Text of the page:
In order to characterize the association between RS and age at death more precisely, we partitioned the range of RS into three groups: low, medium, and high (Figures 4C,D). The lower and higher thresholds were calculated in a way to minimize p-value for Fisher's exact test applied to the number of adult and elderly patients in the whole cohort and in the low/high risk groups, respectively. Interestingly, such partitioning led to significant separation of adult patients both from the elderly and control subjects in the low and high risk groups, while no significance was found within the middle group (Supplementary Table 7).

Then, we performed enrichment analysis to identify alleles significantly contributing to each of the RS groups (Table 2). As it can be seen, frequencies of several alleles were dramatically higher in some RS groups. Specifically, HLA-A*02:01 and HLA-A*03:01 were highly overrepresented in the low risk group and completely absent in the high risk group, while the most enriched allele in the high risk group was HLA-A*01:01. Reciprocally to HLA-A*02:01 and HLA-A*03:01 cases, not a single individual in the low risk group carried the HLA-A*01:01 allele. Complete information on allele frequencies in the RS groups is presented in Supplementary Figure 1.


Table 2. Enrichment analysis of risk score groups.

Finally, we assessed the contribution of individual peptides from different viral proteins to the RS. Contribution of a peptide to RS was calculated as an absolute value of the sum of corresponding PC coefficients (PC2 and PC3 for HLA-A, and PC4 for HLA-C). Then, the set of the most RS contributing peptides was composed by taking the top 5% of peptides from the corresponding distribution. The results of the procedure are summarized in Table 3: distribution of peptides with the strongest contributions over SARS-CoV-2 proteins was similar to the one calculated for all peptides after multiple testing correction. Without the correction, only non-structural protein 8 (NSP8) had a statistically significant odds ratio. Thus, considered peptides were spread over proteins without any significant dependence on contribution to the RS.


Table 3. Distribution of peptides and viral proteins and their contribution to the RS.

3.4. The RS Is Associated With Severity of COVID-19 in the Cohort of Spanish Patients

To see whether the proposed RS was associated with different patterns of the disease severity, we re-analyzed data from a recently published study on the role of HLA class I genotypes in COVID-19 in a cohort of Spanish patients (12). The data included genotypes of patients with severe (n = 20), moderate (n = 20), and mild (n = 5) SARS-CoV-2 infection. The RS model was applied to the data with no re-tuning of coefficients, and the same PCA weights were used for cohort-specific alleles. As a results, we found statistically significant dominance of RSs in patients with severe symptoms compared to moderate (U test p = 0.0157) and mild (p = 0.0161) patients, while, despite the matching direction, no statistical significance was found for the comparison of patients with moderate and mild infection (p = 0.0926), possibly due to the low sample size (Figure 5). Thus, the developed model allowed us to find dependencies between HLA class I genotypes and severity of the disease in the independent patient cohort from another population.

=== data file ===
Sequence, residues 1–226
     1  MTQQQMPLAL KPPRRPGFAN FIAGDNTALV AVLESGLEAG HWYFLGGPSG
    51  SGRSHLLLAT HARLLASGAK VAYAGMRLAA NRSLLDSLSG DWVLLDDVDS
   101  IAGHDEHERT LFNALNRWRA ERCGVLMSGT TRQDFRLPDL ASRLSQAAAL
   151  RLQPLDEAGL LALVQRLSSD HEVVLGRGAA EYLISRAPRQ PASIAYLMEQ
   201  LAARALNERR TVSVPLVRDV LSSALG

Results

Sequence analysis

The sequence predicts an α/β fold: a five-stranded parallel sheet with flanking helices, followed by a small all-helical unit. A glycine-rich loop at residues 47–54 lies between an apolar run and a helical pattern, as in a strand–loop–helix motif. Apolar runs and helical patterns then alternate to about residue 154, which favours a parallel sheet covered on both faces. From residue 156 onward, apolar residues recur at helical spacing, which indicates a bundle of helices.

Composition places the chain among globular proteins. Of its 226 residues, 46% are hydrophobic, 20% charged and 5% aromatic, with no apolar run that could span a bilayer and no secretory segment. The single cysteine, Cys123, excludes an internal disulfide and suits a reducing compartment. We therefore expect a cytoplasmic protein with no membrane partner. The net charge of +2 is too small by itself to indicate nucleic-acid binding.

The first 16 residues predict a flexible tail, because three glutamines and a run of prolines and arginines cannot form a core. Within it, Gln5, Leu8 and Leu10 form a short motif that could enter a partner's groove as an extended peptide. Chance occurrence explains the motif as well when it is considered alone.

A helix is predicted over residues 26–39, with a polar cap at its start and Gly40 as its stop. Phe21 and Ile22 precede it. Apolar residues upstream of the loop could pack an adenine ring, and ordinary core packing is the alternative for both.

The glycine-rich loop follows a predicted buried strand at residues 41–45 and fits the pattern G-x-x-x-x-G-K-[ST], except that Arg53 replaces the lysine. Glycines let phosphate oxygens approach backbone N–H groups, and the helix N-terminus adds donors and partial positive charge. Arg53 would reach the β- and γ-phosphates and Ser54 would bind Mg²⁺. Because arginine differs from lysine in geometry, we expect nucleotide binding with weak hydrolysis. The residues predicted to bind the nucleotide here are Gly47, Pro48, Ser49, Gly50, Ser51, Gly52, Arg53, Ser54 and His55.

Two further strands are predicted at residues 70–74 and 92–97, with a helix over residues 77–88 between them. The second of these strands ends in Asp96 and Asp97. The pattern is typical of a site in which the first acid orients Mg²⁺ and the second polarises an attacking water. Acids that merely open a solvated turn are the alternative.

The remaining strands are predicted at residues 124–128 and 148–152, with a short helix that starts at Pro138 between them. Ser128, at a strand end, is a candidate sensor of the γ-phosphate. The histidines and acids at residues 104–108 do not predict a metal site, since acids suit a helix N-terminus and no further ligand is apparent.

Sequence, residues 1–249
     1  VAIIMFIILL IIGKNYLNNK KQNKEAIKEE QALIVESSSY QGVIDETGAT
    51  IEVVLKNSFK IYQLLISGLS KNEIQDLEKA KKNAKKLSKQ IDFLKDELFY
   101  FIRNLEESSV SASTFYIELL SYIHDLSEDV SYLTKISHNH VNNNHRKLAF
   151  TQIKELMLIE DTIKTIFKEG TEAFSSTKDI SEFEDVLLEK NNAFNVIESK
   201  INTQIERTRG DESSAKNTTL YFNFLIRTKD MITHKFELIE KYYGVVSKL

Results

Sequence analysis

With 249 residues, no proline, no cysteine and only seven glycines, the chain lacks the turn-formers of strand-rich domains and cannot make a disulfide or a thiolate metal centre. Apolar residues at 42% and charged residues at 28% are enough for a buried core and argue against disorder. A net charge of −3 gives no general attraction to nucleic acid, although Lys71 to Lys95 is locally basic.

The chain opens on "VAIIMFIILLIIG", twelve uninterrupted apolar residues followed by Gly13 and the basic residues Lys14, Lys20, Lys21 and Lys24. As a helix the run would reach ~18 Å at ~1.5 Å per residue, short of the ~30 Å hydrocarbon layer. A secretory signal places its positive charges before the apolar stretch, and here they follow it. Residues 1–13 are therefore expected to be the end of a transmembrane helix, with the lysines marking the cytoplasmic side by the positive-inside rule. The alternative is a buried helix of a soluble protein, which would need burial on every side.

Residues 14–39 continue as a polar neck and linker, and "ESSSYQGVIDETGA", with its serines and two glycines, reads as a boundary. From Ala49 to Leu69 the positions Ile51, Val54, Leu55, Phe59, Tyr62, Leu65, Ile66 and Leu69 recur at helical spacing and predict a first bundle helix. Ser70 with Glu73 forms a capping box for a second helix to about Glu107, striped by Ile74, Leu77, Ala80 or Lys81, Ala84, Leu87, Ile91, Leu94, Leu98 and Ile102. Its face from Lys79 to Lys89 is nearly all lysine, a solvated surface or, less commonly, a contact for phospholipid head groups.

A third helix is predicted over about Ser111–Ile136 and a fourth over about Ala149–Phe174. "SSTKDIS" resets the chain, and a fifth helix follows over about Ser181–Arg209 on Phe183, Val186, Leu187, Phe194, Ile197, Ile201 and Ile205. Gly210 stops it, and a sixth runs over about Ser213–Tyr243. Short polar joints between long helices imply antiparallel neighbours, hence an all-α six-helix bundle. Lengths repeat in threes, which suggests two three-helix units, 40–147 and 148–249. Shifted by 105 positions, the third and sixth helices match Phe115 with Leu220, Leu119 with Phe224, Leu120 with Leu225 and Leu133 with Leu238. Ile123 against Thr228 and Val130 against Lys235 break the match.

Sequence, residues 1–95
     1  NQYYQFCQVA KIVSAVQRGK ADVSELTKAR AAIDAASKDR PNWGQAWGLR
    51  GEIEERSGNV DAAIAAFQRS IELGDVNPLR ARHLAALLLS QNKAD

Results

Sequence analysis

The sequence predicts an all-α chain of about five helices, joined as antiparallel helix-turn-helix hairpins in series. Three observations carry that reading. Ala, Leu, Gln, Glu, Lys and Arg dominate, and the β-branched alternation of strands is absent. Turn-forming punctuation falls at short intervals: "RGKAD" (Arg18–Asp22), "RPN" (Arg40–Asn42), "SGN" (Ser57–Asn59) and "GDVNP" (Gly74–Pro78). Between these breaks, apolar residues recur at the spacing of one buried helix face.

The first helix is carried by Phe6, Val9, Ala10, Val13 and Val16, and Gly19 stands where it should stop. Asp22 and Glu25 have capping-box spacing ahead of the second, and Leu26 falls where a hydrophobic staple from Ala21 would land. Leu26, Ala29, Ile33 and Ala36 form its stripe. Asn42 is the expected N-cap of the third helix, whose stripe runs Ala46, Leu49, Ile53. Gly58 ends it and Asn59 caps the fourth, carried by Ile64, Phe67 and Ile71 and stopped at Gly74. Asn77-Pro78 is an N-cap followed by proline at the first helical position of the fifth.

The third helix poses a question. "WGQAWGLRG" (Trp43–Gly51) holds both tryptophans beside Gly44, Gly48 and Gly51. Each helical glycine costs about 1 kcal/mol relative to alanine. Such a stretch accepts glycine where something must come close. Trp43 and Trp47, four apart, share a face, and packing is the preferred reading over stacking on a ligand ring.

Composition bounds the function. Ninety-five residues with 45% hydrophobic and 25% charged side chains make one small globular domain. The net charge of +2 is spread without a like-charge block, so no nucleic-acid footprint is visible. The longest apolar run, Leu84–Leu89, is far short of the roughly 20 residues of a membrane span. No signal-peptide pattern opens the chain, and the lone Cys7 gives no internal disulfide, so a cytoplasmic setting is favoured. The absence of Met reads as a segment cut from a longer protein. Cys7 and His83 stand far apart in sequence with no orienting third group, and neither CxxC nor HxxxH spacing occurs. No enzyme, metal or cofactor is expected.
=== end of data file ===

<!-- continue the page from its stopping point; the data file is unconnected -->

Figure 5. Risk score (RS) in groups of severe, moderate, and mild COVID-19 patients from the Spanish cohort.

3.5. Human Leukocyte Antigen Class I Homozygosity Is a Double-Edged Sword for COVID-19 Risk

When analyzing the high RS group, we noticed that more than half (five out of eight) deceased patients containing HLA-A*01:01 alleles were homozygous by this allele, while the medium group had not a single individual homozygous by HLA-A*01:01 (Fisher's exact test p = 0.0103). The distribution of homozygous individual by HLA-A*01:01 among the groups of deceased patients and the control group proved its negative role. It turned out that the distribution in the deceased group (4 out of 26 patients who died <60, and 1 out of 85 patients who died >60) leads to two statistically significant differences: p-value of Fisher's exact test comparing the adults group with the elderly group equals 3.10 × 10−3, and p-value of the test comparing the adults group and the control group equals 0.0104 (8 out of 428 members of the control group were homozygous by HLA-A*01:01). However, the difference between the elderly group and the control group is statistically insignificant (p = 0.155). Interestingly, there were no other statistically significant differences in the distribution of homozygosity between the groups.

Generally, the average age of death for patients homozygous by any allele was significantly less compared to heterozygous ones (Mann-Whitney U test p = 6.45 × 10−3, Supplementary Figure 2). Also, the fraction of homozygous patients was higher in the group of deceased adults (42.3%) compared both to elderly patients (15.3%, Fisher's exact test p = 6.03 × 10−3) and the control group (19.2%, p = 9.80 × 10−3). Difference between the elderly and control groups was not statistically significant (p = 0.448).